OPEC added a minor 12,000 bpd between April and March, with the loss of 41,000 bpd from Venezuela offset by the 46,500 bpd increase from Saudi Arabia.

By Nick Cunningham for Oilprice.com

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  • Steve B on May 15 2018 said:
    That's pure 24 kt. BS! The U.S. is still sitting on around 430 million barrels of oil in active inventory. That's over 100 million more that any time in history.The U.S. is on course to reach 10 million barrels a day production,a record.The fuel mileage on cars keeps rising.The oil dependent producer nations,in spite of what they say,haven't cut back on production because they desperately need the revenue. It all,once again,falls back to the huge supply of "free money" available to fuel speculators' greed.As long as interest rates remain artificially near zero,and "virtually free money" readily available to only a select few,greed will be the order of the day.There is more than plenty of oil,both pumped,being pumped,and ready to be pumped.
  • CorvetteKid on May 15 2018 said:
    Steve, adjusted for population or energy demand, it's not a record level of inventories.

    Supply is plentiful because a number of 1-time dislocations from 5-6 years ago -- Libya, Nigeria, Iraq, Iran, etc. -- have all reversed to the upside. Iraq alone has doubled production from 10 years ago.

    Without Russia and Saudi Arabia taking barrels off the table, we'd probably be $15 bbl. lower.
  • Nelson on May 16 2018 said:
    Oil is not the game anymore, well, not the game as it once was. Rothschild and The District of Columbia see a time soon when there won't be so many people, when there won't be so many people needing oil products, gas and plastic, a time when transportation is more in the form of electric, the need for packaging and all that entails reduced so that it can be handled with other materials and in other ways.
    The use of oil and the products made from oil have nearly destroyed the earth, have made the environment unhealthy, are more a threat to life than of benefit to it. The continued use of oil as a fuel and products made from oil are a direct and deadly threat to the Earth the Wealthy Elite and their Banker King see in the future, see for themselves and their children. Something must and something, will give, very soon.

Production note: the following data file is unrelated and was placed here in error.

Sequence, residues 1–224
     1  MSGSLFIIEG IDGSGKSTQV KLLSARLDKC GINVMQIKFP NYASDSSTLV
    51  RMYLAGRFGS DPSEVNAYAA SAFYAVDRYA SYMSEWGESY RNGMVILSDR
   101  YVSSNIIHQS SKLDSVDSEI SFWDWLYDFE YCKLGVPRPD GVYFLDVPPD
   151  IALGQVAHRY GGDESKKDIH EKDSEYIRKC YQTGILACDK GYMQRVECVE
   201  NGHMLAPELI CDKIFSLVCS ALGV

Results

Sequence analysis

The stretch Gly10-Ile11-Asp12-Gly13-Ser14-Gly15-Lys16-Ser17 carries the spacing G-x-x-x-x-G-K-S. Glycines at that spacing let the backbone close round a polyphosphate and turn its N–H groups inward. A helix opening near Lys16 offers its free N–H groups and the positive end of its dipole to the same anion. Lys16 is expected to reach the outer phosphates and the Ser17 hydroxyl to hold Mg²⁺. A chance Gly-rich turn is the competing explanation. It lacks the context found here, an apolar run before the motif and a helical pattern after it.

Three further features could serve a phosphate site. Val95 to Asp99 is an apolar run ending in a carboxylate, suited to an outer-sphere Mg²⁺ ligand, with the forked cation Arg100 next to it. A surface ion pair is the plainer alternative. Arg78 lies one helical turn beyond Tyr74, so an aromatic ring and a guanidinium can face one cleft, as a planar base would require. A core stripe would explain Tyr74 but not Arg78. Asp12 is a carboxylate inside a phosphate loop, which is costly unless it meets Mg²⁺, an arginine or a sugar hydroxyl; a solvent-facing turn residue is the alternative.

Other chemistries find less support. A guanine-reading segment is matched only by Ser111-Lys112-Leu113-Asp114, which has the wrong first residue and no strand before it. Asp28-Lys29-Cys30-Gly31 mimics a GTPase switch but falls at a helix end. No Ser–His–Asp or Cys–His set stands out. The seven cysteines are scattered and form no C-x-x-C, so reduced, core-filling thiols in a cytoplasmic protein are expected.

I can see the populations in the Middle East, someday, soon, living like the Africans in the desert states and war devastated states in Africa, live, that is, eating the roots from the ground, ensuring the plants cannot reproduce, ie, starvation.
    I can find no evidence of peoples of the far distant ancient past, the sophisticated civilizations, the people who constructed the megaliths and managed the lives of billions of people, long ago. I can see no evidence of them needing or using Oil as the populations of earth have used oil these last few hundred years, maybe they had grown past the need for the messy stuff that oil produces, for the stuff that snuffs life out and destroys environments, like a plague destroys life.
    Their lives more of food and stone, frequencies and seasons, allowed, the desire for gold was a flaw in the civilizations leadership, the insane and constant over breeding of the humans, a, tragedy. Still, what we people living today inherited was not a swamp of dangerous chemicals and poisons, we inherited a Earth clean and fit, strong and secure, which, we in such a short time have nearly destroyed, all by ourselves.
    Oil. we must learn to live without it, we can live without it, we will live without it and sooner than later, hmmm, I mean, what is left of us, will live without oil, then...
  • Zhou Jett on May 17 2018 said:
    What happened to the 2 years of oversupply in floating storage around the world we had 6 months ago..?